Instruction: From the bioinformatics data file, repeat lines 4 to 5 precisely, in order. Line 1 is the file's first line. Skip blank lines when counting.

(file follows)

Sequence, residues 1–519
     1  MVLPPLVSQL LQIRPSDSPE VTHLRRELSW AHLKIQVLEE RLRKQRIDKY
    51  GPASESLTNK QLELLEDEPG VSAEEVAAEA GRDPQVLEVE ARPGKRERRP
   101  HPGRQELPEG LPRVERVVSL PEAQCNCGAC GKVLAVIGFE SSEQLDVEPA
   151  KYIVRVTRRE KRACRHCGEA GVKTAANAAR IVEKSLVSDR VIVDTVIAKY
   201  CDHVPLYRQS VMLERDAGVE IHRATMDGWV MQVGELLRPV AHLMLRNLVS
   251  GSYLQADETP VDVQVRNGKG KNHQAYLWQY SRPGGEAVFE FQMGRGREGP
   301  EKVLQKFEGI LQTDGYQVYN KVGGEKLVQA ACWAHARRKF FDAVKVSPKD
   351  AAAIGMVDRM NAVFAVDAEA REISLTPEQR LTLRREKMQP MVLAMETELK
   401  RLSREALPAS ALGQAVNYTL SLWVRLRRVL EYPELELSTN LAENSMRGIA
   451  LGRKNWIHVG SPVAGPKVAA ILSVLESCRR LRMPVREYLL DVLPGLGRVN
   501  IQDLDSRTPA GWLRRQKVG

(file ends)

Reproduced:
   101  HPGRQELPEG LPRVERVVSL PEAQCNCGAC GKVLAVIGFE SSEQLDVEPA
   151  KYIVRVTRRE KRACRHCGEA GVKTAANAAR IVEKSLVSDR VIVDTVIAKY